“Life has a way of working things out.”
Bill Pascrell Jr.
“CHARITABLE AND PASSIONATE PIONEER FOR WOMEN IN MEDICINE”
A noted pioneering female physician who was elected president of the American Medical Women's Association in 1969, throughout her long life of service Laura Morrow remained true to her philosophy that "Life has a way of working things out."
For her many accomplishments in advancing the cause of women in medicine, she won numerous accolades. For example, in eulogizing Morrow, the AMWA foundation noted that, as AMWA president, she had an "instinctive feel for what people needed to do in order to accomplish the task at hand."
Above all the high honors and deserved recognition, what really mattered to Dr. Morrow was to serve others through medicine.
A 1937 honors graduate from the University of Pennsylvania Medical School, during World War II she stayed at home, in Lyndhurst, raising her children and serving as the town's only general practitioner, while all the male doctors (including her husband, Lloyd Morrow, MD) went off to make the world safe for democracy.
During an era when there was no health insurance, it was said that she was able to help a large number of people "find satisfaction in their lives and overcome their difficulties." Aside from her devotion to helping people with their problems, Dr. Morrow advanced scientific discoveries within her field.
She and her physician-husband were forerunners in the use of psychotropic medications and among the first researchers in trial studies of vitamin B3, in the treatment of schizophrenia, and the antipsychotic drug Fluphenazine.
As well as being a Distinguished Life Fellow of the American Psychiatric Association, Dr. Morrow served as the director of Psychiatry and senior attending physician at Passaic General Hospital, and was an active member of the Passaic and Bergen County Medical Societies and their women's auxiliary groups. She also made time to serve as President of the New Jersey Psychiatric Association. Recognized for her hard work and dedication, she was featured in an exhibit at UMDNJ "Pioneer Women Physicians of New Jersey."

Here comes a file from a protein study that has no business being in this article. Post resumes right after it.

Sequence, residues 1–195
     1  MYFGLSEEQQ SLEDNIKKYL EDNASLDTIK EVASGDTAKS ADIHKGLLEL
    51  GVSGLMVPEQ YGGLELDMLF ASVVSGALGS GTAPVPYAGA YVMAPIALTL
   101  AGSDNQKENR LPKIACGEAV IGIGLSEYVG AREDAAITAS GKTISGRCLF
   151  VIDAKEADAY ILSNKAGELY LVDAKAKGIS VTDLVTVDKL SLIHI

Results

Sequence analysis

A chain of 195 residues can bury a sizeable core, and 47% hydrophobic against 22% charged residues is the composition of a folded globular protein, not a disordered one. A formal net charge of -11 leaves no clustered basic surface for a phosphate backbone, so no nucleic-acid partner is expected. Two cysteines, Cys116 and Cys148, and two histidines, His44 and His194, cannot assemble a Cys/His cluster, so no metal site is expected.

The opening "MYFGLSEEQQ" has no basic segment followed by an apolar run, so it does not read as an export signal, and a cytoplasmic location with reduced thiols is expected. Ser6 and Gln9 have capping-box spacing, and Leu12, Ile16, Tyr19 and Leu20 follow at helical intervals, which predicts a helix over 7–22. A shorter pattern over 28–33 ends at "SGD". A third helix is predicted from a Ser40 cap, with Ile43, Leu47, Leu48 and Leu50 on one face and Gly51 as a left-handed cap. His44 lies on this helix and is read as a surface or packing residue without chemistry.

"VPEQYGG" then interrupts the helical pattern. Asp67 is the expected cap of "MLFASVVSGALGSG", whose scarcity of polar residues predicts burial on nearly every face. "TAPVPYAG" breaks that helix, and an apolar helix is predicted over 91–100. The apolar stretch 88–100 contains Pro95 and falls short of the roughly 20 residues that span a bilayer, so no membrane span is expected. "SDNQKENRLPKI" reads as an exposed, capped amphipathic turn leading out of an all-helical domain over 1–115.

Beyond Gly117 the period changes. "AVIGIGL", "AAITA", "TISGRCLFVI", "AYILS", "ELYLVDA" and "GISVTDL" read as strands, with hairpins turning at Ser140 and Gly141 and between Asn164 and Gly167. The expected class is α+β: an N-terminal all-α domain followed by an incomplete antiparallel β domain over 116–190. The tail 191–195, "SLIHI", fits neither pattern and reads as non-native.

In 1974, Dr. Morrow was awarded AMWA's prestigious Elizabeth Blackwell medal for her untiring leadership, innovative ideas and unstinting efforts on behalf of the Association. In this regard, she was instrumental with AMWA in the creation of the Elizabeth Blackwell commemorative U.S. postal stamp honoring women in medicine. She also led development of "Resolved: Medicine Needs More Women," a film which remains influential to this day in women's studies classrooms as well as in the study of medicine.
When not devoting her considerable energies to medicine, Dr. Morrow managed to express herself artistically through her painting, a lifelong passion which helped to alleviate the stress of her professional life. Her work was exhibited in the annual UMDNJ-New Jersey Medical Society Spring Arts Festival entitled "A Celebration of Art, Medicine and Life - Overcoming Adversity through the Arts," at which she won first place for painting and the grand prize for crafts.
Dr. Morrow is survived by four children and nine grandchildren.
Honored as Woman of the Year by the New Jersey Medical Women's Association
Elected President, American Medical Women's Association
Receives the American Medical Women's Association Elizabeth Blackwell Award
1913 (died 2004)
University of Pennsylvania Medical School